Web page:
Westleigh Park, Havant
I would have said after our first game that there’s no better way to record a first win of the campaign than to engulf the optimism of the new ambitious pups on the Conference South circuit (in this case, Dartford). I would have said that, had we been able to hold onto the lead we took into injury time.
Similarly, I would have said after this sixth game, that there is no better way to record a first win of the campaign than to vanquish our acrid, morally-barren local rivals, Eastleigh. Again, I would have said that, but…
Eleventh hour equalisers are breath-taking, no question. When it falls in your favour, that breath is taken by awe and delight. When it falls against, it is deflating, as though your breath has been apprehended, duffed up, locked in a car-boot and later forced to film a grainy video nervously detailing the terms of ransom. The difference between when draws feel like wins, and when they feel like defeats.
Six games in now then and we’ve had no win at all to speak of, and our two closest calls have been lost to 96th and 93rd minute sucker-punches. This has been particularly gutting as, on both occasions, our 2-1 leads have been obtained by absolutely magnificent strikes within the last ten minutes of regular time.
So, as I’ve stated, it’s enough to make one feel like an incorrectly tied balloon at the best of times, but when it comes at the hands of the local rivals, it’s like your inner balloon has careered off around the garden, as the air races from its nozzle, before coming to land eventually on your golden retriever’s first back-door expulsion of the morning. Still, I feel it is in the interests of science at this point, or my morale at any rate, to remind all concerned that Eastleigh have still only beaten us once in fifteen fixtures; 8 H&W wins and 6 draws make up the remainder.
Still, I’m not really interested in the Hampshire mini-league at this point, I’m interested in us fulfilling out potential and scaling the Conference South like a squirrel escaping heavy footsteps up the nearest tree. At least in this game we were able to claim our first goal from open play since that first game at Dartford. In the 28th minute of this niggly, physical game (as they tend to be against Ian Baird sides - we should know, we used to watch an Ian Baird side week-in-week-out before he decided to piss-off large down the road), Muzzy Tiryaki and Wes Fogden eventually managed to batter their way through a resolute and stick Eastleigh defence, like two spermatozoa using a tag team approach to penetrate the ovum.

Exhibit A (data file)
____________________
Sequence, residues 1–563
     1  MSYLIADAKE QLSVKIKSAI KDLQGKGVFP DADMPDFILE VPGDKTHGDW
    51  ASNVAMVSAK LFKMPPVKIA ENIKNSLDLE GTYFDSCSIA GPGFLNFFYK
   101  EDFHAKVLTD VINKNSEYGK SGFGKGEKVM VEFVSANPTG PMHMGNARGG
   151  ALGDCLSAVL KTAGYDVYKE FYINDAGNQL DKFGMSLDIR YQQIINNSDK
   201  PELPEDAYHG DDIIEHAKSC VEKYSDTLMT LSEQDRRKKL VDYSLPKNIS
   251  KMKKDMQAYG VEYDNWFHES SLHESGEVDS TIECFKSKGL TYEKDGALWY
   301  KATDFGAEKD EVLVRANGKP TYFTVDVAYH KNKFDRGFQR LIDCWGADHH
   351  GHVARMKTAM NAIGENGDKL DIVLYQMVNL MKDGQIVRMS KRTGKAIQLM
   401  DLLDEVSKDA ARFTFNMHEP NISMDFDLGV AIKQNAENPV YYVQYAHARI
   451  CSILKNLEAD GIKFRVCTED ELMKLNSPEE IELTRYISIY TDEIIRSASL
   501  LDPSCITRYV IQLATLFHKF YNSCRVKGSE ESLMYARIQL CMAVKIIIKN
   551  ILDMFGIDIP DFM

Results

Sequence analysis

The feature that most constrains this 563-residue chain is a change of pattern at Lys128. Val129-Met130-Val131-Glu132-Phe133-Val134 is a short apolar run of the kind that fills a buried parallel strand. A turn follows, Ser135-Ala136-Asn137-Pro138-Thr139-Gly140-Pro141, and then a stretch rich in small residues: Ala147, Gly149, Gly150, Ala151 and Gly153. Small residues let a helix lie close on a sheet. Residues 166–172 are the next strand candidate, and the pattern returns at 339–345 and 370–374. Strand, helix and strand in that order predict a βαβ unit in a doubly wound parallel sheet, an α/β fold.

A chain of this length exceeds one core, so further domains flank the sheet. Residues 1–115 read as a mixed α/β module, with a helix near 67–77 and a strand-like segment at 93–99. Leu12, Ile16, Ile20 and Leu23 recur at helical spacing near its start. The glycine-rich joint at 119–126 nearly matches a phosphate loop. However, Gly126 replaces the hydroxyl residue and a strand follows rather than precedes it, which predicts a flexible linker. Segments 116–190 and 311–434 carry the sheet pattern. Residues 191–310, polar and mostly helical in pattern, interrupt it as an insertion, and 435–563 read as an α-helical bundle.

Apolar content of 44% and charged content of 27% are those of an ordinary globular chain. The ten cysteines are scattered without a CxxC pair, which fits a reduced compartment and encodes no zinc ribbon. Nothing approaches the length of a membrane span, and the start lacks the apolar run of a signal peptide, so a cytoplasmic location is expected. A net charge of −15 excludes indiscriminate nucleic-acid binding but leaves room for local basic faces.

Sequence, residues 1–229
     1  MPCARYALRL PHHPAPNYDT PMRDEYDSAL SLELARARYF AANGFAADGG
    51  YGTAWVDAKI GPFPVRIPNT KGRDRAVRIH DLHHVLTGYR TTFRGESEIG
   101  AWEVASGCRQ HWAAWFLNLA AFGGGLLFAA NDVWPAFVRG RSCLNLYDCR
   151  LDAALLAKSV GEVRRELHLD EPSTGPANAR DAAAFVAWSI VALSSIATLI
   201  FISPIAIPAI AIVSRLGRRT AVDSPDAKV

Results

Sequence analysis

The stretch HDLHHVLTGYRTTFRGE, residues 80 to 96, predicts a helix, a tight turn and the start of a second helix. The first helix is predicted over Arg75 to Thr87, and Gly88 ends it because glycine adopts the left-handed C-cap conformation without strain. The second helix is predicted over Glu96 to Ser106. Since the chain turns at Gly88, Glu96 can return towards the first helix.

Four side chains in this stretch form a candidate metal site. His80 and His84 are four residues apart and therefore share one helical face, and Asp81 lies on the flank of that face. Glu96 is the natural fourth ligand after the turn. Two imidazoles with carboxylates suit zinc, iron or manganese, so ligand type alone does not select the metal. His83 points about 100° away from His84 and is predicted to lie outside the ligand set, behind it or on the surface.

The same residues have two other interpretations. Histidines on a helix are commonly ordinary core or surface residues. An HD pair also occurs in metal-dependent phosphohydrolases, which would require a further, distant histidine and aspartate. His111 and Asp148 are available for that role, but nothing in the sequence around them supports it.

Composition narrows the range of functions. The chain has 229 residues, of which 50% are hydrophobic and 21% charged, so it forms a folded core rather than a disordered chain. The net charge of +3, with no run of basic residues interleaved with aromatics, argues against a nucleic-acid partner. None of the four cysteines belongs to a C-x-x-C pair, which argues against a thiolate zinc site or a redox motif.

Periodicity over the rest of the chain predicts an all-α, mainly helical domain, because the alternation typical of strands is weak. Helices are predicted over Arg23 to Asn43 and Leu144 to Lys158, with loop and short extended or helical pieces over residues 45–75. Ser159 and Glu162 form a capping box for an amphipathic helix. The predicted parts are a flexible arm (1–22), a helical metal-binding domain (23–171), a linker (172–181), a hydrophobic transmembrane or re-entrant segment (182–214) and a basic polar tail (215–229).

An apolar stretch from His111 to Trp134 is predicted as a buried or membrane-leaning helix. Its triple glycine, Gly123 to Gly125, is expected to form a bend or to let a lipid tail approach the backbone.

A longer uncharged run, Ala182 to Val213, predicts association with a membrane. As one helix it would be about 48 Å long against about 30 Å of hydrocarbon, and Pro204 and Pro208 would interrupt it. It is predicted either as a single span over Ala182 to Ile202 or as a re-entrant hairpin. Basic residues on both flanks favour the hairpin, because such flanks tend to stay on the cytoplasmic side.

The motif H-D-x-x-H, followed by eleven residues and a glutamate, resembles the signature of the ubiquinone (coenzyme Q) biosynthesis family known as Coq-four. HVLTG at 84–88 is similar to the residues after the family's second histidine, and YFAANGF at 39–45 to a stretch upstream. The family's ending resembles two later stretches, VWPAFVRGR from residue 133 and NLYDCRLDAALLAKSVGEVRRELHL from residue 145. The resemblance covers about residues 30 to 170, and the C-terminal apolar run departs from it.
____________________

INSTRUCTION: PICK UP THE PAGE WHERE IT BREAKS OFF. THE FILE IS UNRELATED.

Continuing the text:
With Eastleigh’s left –sided defenders drawn into this attritional battle, room was left for the ball to be threaded to Sammy Igoe, who was able to strike home a tidy, yet powerful finish that betrayed his many years in the pro game. Slightly less professionally, and clearly as the result of some early earache from the away end, he decided to celebrate by racing back down to their position behind our goal and cupping his left lug at them. Not quite the full Adebayor, but still enough to earn him a yellow card.
All was relatively rosy in the garden until in virtually the last second of the half, Bobby Hopkinson was penalised in the box for a foul on our ex-skipper Tom Jordan. To complete the former Hawks thumbing their noses at us aspect of this, Jamie Slabber stepped up to plant the spot-kick past Aaron Howe.
In the second half, we got more and more into the game, particularly after Manny Williams, still on a softly-softly return from injury, entered the field after 66 minutes. This added pressure was rewarded in the 82nd minute when Muzzy Tiryaki was fouled just outside the box. As the Eastleigh wall lined up, Ian Selley hopped about waving his arms in front of them, like a stranded country motorist attempting to flag down a passing van for a jump-start.
Amongst all this artificial confusion, Muz drove the ball right through the blockade, the ball striking the underside of the bar with some heft and bouncing into the back of the net. Handsome, as sentences involving the phrase “underside of the bar” usually indicate. Unless, of course, it comes as a reply to the question “where does the landlord in the Red Lion keep his crisps?”
However this glory was all too fleeting. Three minutes into injury time, and from a corner, Chris Holland rose tallest at the back post to head home Eastleigh’s equaliser. Deserved it might have been, and I might well have taken a point prior to kick off, as I would most weeks, but again to get so close in such circumstances is far more galling than it is agreeable.
Picture by Dave Haines
Neutral view: Twohundredpercent
Previously, on Dub Steps
03oct09: Havant & Waterlooville 2 Eastleigh 2
25apr09: Havant & Waterlooville 2 Eastleigh 2
29nov08: Eastleigh 2 Havant & Waterlooville 0
01apr08: Eastleigh 1 Havant & Waterlooville 1
22dec07: Havant & Waterlooville 1 Eastleigh 0
09apr07: Havant & Waterlooville 1 Eastleigh 1